RQM Test Lab Management: a cheat sheet

December 10, 2014

Recently, I’ve visited a Southern state of the US for a business trip. Among other topics, I’ve focused on the Test Lab management capabilities of RQM.

Request and Reservations


I remember that, during my initial grasp of this part of RQM, the information provided in various places (see the References section below) helped me a lot. Nonetheless I consider that it was not quick enough.

Maybe because I missed a synthetic view of the following aspects in a one-stop-table. Such document would aim at providing you both with a rapid comprehension of the features and a convenient communication medium around:

  • The Test Lab Management assets
  • Their associated definition
  • From which artefact they could be created (*)
  • What artifacts they could serve at creating (*)
  • Whether they could serve (or not) as a basis for creating a Request or a Reservation
  • Whether a view showing all the Reservations is available (or not)

As a consequence, I ended up creating the following table / cheat sheet:


CLICK to ENLARGE the table

This table revealed useful during discussions with customer. I hope this content could also help you:

      • At speeding up your understanding of the currently available capabilities in RQM, and
      • At facilitating the decision of the mapping between your own testing shop terminology with the RQM one.


(*): from the RQM GUI only here. REST APIs and other importer tools are excluded of the scope of this blog post.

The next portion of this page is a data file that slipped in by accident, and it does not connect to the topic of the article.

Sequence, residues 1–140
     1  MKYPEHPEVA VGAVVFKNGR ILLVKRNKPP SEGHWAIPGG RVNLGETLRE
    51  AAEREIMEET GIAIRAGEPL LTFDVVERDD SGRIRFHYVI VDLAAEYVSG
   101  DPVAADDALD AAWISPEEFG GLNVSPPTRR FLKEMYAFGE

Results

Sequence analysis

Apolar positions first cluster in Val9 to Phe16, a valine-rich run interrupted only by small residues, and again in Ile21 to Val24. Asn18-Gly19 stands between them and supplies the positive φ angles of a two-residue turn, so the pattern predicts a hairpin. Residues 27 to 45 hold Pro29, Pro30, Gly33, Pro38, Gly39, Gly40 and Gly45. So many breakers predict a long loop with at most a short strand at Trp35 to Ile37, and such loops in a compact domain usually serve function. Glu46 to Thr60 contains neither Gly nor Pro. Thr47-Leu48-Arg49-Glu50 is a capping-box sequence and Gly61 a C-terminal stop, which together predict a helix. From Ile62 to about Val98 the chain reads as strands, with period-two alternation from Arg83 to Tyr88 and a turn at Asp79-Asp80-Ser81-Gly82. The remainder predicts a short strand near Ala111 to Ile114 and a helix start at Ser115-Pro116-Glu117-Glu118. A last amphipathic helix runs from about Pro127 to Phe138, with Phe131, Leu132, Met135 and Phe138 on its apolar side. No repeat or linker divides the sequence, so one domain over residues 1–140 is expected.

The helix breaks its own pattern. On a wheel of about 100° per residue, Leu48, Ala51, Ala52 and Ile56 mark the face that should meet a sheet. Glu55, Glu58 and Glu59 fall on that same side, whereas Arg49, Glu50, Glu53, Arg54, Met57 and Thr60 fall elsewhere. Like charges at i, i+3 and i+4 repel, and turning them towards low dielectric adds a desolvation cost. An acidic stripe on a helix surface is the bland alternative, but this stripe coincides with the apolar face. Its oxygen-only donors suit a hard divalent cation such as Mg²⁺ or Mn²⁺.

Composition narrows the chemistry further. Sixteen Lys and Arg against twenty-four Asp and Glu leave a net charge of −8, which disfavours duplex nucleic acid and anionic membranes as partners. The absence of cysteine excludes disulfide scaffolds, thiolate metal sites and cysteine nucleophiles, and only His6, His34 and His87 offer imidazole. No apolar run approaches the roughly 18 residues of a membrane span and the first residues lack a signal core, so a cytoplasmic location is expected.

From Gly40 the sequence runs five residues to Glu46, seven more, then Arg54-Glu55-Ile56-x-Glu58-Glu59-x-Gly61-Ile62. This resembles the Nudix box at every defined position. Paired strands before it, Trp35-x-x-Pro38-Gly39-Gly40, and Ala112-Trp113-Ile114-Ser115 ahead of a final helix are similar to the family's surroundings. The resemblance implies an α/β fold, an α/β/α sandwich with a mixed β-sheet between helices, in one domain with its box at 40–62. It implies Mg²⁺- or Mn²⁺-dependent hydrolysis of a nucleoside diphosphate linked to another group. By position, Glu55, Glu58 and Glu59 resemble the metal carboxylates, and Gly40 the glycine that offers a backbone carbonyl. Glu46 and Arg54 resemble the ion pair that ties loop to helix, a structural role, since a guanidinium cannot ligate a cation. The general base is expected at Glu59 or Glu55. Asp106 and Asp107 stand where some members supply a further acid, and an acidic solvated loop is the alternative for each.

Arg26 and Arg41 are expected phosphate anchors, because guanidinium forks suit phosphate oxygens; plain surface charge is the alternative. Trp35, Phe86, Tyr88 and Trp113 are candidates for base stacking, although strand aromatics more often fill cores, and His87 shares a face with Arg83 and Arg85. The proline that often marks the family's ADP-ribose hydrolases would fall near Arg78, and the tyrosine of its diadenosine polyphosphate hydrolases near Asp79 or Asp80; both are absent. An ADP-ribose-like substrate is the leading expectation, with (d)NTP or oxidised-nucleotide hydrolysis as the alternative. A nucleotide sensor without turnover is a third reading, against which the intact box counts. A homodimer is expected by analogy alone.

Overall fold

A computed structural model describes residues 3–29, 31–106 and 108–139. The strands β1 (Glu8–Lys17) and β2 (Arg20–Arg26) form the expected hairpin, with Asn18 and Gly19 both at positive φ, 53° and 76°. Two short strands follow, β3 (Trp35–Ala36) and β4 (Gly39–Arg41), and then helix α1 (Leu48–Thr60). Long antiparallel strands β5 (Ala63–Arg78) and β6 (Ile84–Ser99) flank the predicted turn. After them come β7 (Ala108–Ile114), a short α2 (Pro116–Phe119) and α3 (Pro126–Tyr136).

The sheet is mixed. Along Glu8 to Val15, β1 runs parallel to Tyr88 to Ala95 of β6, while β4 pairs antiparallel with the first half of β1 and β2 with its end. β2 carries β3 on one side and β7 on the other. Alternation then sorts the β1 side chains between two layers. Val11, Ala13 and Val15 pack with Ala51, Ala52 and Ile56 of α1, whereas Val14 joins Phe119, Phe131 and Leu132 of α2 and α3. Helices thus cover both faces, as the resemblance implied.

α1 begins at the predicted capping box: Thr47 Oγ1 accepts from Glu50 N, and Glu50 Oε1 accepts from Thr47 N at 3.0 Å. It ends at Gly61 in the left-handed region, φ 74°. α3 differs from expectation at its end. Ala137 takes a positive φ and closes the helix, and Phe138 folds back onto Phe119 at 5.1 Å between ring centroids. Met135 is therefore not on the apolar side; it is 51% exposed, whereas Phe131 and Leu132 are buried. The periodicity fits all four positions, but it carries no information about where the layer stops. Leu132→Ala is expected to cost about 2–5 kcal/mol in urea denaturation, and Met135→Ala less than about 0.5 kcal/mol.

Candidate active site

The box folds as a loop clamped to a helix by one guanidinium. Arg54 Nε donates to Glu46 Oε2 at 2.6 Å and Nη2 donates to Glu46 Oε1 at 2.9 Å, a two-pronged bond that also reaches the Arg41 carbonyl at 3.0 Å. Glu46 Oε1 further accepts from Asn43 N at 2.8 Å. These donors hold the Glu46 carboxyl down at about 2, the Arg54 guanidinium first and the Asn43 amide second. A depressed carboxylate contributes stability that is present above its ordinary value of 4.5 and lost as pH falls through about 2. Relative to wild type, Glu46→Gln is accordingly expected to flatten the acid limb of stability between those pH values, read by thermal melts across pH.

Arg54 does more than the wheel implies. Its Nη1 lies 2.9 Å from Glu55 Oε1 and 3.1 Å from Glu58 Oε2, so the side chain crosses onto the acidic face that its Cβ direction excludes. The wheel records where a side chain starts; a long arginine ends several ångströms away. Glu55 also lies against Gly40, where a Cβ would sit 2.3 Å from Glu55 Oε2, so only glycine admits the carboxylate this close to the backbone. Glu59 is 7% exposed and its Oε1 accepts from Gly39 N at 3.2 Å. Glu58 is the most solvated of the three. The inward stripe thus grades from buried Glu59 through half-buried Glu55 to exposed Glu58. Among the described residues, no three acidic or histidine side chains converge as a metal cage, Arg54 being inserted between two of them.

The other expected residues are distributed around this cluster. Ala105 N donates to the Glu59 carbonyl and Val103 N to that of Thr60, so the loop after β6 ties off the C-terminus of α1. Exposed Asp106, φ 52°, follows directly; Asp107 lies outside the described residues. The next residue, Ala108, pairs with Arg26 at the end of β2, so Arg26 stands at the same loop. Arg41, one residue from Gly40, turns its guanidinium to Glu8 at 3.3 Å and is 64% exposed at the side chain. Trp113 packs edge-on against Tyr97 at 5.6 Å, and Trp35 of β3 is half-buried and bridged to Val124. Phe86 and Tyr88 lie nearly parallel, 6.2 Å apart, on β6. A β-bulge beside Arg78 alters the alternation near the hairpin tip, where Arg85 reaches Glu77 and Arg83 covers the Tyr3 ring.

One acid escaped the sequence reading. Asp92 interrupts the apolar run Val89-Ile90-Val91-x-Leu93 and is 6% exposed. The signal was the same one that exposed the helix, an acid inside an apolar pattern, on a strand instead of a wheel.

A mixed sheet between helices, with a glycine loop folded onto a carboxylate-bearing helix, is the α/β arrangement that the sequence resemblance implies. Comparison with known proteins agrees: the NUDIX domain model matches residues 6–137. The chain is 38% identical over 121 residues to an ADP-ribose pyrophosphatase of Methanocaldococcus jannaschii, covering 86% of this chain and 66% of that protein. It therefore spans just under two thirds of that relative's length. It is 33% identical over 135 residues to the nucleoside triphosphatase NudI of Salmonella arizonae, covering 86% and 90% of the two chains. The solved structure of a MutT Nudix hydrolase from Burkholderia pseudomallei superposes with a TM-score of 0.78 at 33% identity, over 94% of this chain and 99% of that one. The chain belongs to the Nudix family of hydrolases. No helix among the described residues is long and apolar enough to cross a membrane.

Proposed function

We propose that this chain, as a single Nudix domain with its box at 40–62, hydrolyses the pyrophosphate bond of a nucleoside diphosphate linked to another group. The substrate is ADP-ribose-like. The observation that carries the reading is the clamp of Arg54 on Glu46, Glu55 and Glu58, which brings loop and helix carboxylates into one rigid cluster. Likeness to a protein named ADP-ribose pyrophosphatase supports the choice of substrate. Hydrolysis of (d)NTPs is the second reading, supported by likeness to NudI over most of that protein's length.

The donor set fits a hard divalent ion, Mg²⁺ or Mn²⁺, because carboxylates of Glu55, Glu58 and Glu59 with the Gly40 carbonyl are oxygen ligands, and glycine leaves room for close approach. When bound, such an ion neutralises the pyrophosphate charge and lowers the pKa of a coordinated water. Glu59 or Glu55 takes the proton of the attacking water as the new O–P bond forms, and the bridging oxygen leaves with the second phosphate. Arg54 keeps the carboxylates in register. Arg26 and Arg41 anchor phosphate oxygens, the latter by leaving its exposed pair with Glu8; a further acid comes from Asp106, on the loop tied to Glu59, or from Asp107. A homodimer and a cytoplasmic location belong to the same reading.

(**): image borrowed from article: [devWorks] “Use RQM to manage lab assets in shared lab” (Nov 2013)

Direct access to CLM (RTC/RQM/RDNG/DM) Help / InfoCenter: a cheat sheet

September 16, 2014

Have you figured out that the CLM InfoCenter was relocated to a central Knowledge Center for a while now? As known by all of us (but often forgotten as well) the product documentation is the CORE/PRIMARY source of information (before reaching out to any other one).

But last time you were questioning a specific feature of the CLM product, how long did it take you to get to the right web page? more than 10 seconds?

If you ran a Google search (e.g.”RTC infocenter 5.1“), where you pointed to the specific product (RTC/RQM/RDNG/DM) and version (v3.x,v4.x,v5.x) you looked for ? Or, for whatever referencing reason, did it end up… missing its finest target?

In such case, we share this annoyance as I figured out the first returned results do NOT systematically match with my searching criterias (as for today, the search I provided earlier returned me with links to older product versions, some Jazz.net wikis, etc.)

As a result, I came up with idea of providing a “quick access list” (or cheat sheet) to get it systematically right and quick:

Direct Access to CLM KnowledgeCenter

CLM (Collaborative Lifecycle Management)
RTC (Rational Team Concert)
RQM (Rational Quality Manager)